You'll need to define which version of “empiricism” you mean before anybody can disagree. But clearly personal and individual experience is rather limited compared to experimental method, and when one is talking about how the brain works, it is awfully easy to fool oneself and hard to do double-blind experiments on oneself. (Let alone have n much greater than 1.)
Back when screens were much lower resolution, and LCD-specific strategies didn't exist yet (because they were dependent on LCDs which were not yet predominant), this idea was pretty obviously true. Screen fonts were specific pixel-based things and very different from print fonts. There just weren't enough pixels (and available sub-pixels) to do serif faces properly.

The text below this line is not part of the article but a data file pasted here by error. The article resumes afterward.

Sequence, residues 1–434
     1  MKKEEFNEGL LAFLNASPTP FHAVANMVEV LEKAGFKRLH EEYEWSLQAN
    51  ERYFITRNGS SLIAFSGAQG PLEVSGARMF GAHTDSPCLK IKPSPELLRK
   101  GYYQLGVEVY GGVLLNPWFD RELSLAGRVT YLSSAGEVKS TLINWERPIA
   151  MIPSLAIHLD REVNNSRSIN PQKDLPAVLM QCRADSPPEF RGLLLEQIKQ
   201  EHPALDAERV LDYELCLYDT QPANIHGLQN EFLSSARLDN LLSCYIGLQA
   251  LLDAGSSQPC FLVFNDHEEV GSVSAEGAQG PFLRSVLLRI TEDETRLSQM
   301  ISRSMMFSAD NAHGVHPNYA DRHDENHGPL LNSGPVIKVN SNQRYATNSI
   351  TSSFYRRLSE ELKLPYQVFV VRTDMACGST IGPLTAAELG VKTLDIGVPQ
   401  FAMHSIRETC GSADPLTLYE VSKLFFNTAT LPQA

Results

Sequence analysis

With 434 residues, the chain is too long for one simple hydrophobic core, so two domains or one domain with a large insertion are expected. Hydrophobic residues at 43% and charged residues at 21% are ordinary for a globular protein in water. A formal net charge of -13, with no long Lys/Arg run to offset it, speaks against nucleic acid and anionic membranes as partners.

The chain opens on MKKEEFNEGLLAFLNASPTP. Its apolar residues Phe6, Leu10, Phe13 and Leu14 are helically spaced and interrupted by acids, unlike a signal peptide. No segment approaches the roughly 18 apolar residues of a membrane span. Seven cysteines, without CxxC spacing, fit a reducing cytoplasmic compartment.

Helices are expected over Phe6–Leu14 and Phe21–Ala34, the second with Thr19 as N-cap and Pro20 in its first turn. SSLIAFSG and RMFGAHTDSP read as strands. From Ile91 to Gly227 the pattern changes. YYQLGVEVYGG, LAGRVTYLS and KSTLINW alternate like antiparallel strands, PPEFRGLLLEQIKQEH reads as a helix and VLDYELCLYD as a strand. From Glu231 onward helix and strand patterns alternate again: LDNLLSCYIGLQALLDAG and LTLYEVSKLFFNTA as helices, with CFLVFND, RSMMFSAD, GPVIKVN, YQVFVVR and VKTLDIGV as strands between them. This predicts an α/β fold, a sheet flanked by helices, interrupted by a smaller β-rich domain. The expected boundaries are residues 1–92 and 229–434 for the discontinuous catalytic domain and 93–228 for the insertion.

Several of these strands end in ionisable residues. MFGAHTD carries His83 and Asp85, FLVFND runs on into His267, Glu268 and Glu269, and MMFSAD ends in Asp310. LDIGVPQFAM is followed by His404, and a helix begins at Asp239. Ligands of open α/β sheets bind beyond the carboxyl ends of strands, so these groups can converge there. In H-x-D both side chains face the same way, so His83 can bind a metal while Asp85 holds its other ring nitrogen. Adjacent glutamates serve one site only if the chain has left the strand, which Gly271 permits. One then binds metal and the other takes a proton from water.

Early screen-font legibility research easily confirmed this.
Resolutions have improved immensely, and so have font rendering techniques. So the idea that sans serif is better for screen, while clearly true 30 years ago, began to change. Unfortunately, the current truth is not nearly as well known as the former truth. Nowadays I doubt anyone seriously familiar with the topic would make any blanket statement of sans serif superiority for screen use. But memes are hard to kill.
I agree that many of the OpenType Panel number features in the latest Illustrator 2017 are broken. No idea when this happened. It affects ordinals, superscript, subscript, and the same formatting when being used to get “Insert Glyph” results (in other words, it can show me a glyph but fails to insert it).
I am not saying that is an exhaustive list of what isn't working, but I didn't see any issues with the other features I tried.